Still, Ross Perlin, author of the critically acclaimed book "Intern Nation," said the introduction of the bills marks a positive development for a growing slice of the labor force.

“This is not an abstract argument,” Perlin said. “There have been numerous cases of interns trying to sue their supervisors, largely over sexual harassment. And in those cases, courts have told interns they lack standing because they’re not employees.”

Most interns are women — according to a 2010 study from consulting firm Intern Bridge, 77 percent of unpaid internships are filled by women. Moreover, Perlin noted, the power dynamics of unpaid internships can draw workers into potentially uncomfortable and exploitative situations with their bosses.

He pointed to the several jurisdictions in the United States that have addressed the harassment loophole with legislation of their own. So far, California, New York, Oregon, Connecticut, Maryland, Illinois, Washington, D.C., and New York City have all passed laws extending anti-harassment protections to interns. “There’s building momentum around this totally clear and shocking issue,” Perlin said.

Not everyone is as pleased with the proposed legislation.

Eric Glatt is a lawyer and a former unpaid intern on the set of the film “Black Swan” who helped bring a landmark class-action lawsuit against Fox Searchlight, accusing the film company of widespread wage theft. He said the slew of congressional legislation is well-intentioned, but may not go far enough.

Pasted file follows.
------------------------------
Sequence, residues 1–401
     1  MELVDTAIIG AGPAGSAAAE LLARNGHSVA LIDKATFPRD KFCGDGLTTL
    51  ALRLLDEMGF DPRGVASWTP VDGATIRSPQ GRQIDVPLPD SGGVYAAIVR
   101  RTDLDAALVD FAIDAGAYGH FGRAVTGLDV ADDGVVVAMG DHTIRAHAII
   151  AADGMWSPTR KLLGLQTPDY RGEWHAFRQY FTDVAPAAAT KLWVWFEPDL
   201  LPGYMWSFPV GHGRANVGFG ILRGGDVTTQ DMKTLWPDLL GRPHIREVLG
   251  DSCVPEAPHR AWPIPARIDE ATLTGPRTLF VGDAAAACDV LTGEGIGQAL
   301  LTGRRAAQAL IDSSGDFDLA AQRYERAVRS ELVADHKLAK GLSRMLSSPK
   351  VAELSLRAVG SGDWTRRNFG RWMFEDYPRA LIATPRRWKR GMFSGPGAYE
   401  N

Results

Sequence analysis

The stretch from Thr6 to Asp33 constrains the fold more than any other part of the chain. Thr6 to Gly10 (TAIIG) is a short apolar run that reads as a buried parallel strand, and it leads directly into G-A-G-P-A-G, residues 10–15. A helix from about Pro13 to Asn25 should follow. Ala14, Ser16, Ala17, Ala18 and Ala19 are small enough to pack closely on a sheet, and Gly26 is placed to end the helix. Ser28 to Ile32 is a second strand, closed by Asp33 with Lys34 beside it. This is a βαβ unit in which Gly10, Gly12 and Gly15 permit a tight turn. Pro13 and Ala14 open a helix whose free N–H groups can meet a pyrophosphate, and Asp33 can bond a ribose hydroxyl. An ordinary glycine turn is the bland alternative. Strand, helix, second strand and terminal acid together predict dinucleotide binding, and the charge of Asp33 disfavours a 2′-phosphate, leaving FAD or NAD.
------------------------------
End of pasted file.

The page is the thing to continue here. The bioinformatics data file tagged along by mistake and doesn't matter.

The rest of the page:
The way the bill that covers the private sector defines intern — “an individual who performs uncompensated voluntary service for an employer, to earn credit awarded by an educational institution or to learn a trade or occupation” — could have the unintended consequence of excluding certain people from protections.

“I think the definition of intern doesn’t reflect the reality of the current intern labor marketplace,” Glatt said. “A lot of interns aren’t there to learn, they’re there to work and get their foot in the door.”

Companies sometimes misclassify workers as interns in order to save on labor costs. Under the current text of the legislation, Glatt worried, someone who’s classified as an intern by their boss but doesn’t meet the bill’s definition could be excluded from coverage. The U.S. Department of Labor has a six-point test to determine when unpaid internships are allowed, but employers often violate it, Glatt noted.

Ross Perlin also bemoaned the lack of adequate wage protections for interns, but called the bill an “important first step” for securing “intern rights.”

Congressman Bobby Scott, who also serves as the ranking member on the House Committee on Education and the Workforce, applauded House Speaker Paul Ryan for allowing a vote on the federal intern bill last week. “Given the unanimous adoption of the Federal Intern Protection Act, perhaps it will persuade our committee leadership to take up H.R. 3232, the Unpaid Intern Protection Act,” he said.